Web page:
1. PUTIN BECOMES FIRST RUSSIAN LEADER TO VISIT ISRAEL… Vladimir Putin became the first Russian – or Soviet – president to pay an official visit to Israel when he arrived at Ben Gurion International Airport on Wednesday night. Despite a list of agreements that will come out of the state visit, three points of disagreement are overshadowing Putin’s historical trip. Israel has said it will prevent armored personnel carriers that Russia wants to give to the Palestinians from reaching the Palestinian Authority, and will continue to press Putin to forgo the sale of anti-aircraft missiles to Syria. Israel – with American agreement – has also rejected Putin’s call for a Mideast peace conference to be held this fall. The Russian president is scheduled to meet in Ramallah with Palestinian Authority Chairman Mahmoud ‘Abbas before his departure on Friday. It was there that Putin had intended to announce the gift of the armored personnel carriers. It remains to be seen whether that will happen or whether Ariel Sharon will capitulate on the issue. ‘Abbas has supported Putin’s peace conference plan. Another issue might prove to be sticky for Israel, if Putin goes ahead with his reported intent to ask Israel to extradite what he calls “oligarchs” – three Russian businessmen living in Israel who are wanted in Russia. With one out of six Israelis of Russian origin, Prime Minister Ariel Sharon will not accede to the request.
2. U.S. ‘BUNKER-BUSTER-BOMB’ SALE TO ISRAEL MOVES FORWARD… The U.S. Department of Defense has given formal notification of a proposed sale of 100 GBU-28 ‘bunker-busting’ bombs to Israel. The sale of the 5,000 pound weapon, which is designed to be effective against underground targets such as bunkers and command centers, immediately raised speculation over possible Israeli plans to destroy Iran’s nuclear reactor that is under construction before it can become operative. Although Israel has denied such intent, many international observers believe that it remains a very real scenario. An analyst for The Media Line explained that even if the intent is not to attack the reactor, Israeli possession of the bunker-busters makes the threat more convincing and thereby reinforces the negotiating position of Britain, France and Germany as they try to convince Iran to suspend its nuclear program.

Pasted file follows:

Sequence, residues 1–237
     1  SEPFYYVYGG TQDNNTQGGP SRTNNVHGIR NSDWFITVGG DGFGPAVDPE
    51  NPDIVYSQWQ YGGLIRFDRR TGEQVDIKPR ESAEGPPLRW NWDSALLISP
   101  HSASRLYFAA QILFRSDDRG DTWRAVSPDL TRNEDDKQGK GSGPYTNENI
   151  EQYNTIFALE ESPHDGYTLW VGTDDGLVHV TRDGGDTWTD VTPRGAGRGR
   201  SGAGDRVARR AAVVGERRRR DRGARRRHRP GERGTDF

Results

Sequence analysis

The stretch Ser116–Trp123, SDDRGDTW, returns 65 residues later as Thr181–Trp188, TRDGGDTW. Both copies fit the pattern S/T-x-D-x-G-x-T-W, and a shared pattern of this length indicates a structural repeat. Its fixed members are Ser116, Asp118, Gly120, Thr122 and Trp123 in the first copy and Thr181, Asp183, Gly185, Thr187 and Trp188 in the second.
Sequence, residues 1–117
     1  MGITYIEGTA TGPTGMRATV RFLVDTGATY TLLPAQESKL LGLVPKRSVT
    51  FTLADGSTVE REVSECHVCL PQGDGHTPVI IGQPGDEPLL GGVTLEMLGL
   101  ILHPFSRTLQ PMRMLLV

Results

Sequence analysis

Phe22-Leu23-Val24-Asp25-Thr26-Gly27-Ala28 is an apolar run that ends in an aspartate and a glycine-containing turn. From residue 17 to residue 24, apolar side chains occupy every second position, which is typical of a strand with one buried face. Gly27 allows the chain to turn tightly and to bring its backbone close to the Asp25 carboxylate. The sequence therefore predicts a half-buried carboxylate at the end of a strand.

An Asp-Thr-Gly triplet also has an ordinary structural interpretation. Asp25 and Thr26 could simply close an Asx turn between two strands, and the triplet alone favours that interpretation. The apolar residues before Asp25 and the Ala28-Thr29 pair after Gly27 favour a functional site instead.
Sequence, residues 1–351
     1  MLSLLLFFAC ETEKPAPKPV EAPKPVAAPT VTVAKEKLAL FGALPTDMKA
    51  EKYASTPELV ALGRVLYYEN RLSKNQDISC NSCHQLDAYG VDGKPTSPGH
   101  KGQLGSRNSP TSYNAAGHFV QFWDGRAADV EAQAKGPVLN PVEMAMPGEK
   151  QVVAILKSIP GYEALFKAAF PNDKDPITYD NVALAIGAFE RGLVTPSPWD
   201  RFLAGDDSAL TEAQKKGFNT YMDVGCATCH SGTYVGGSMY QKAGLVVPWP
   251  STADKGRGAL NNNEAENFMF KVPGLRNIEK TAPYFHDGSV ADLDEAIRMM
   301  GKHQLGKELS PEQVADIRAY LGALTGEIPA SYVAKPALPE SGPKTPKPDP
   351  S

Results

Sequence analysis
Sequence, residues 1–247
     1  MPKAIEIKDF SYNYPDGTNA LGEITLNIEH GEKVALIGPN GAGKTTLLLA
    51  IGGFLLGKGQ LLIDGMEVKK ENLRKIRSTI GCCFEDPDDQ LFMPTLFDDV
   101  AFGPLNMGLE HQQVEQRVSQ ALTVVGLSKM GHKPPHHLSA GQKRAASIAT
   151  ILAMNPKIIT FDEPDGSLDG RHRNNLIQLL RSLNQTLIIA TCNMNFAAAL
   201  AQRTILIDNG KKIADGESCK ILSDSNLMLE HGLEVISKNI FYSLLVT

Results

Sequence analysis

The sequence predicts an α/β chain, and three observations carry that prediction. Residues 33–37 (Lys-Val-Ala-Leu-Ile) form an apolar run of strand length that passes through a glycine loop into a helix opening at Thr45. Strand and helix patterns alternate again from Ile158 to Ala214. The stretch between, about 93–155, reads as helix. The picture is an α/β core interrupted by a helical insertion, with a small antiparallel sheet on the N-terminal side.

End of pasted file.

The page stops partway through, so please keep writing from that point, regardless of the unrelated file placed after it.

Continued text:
3. PROTESTERS OPPOSE ISRAELI FM VISIT TO MAURITANIA… The west African nation of Mauritania, one of only three member-states of the Arab League to have diplomatic relations with the Jewish state, is Foreign Minister Sylvan Shalom’s destination for a May 3 visit. It was, therefore, not unexpected that Shalom’s planned arrival would draw protest. On Wednesday, several hundred students at a university in the capital city of Nouakchott demonstrated against what a rally organizer called “the opportunistic visit of this criminal in the land of Islam!” Protesters proclaimed “No to the normalization with the Zionist entity!” while riot police prevented demonstrators from approaching the nearby Israeli embassy. Egypt and Jordan are the other Arab League members with ambassadors in Israel.
4. PALESTINIAN CHAIRMAN THREATENS TO USE FORCE TO MAINTAIN CEASE-FIRE WITH ISRAEL… The Palestinian news agency WAFA reported on Thursday that Palestinian Authority Chairman Mahmoud ‘Abbas has threatened to use force to ensure the continuation of a de facto cease-fire with Israel. ‘Abbas said in a statement that, “Whoever violates this general consensus … must be hit by an iron fist. Whoever wants to sabotage [the quiet] with rocket fire or shooting must be stopped by us even if that requires using force.” Against an increase in violent incidents, Israel has set the dismantling of terrorist organizations as a precondition for resuming negotiations.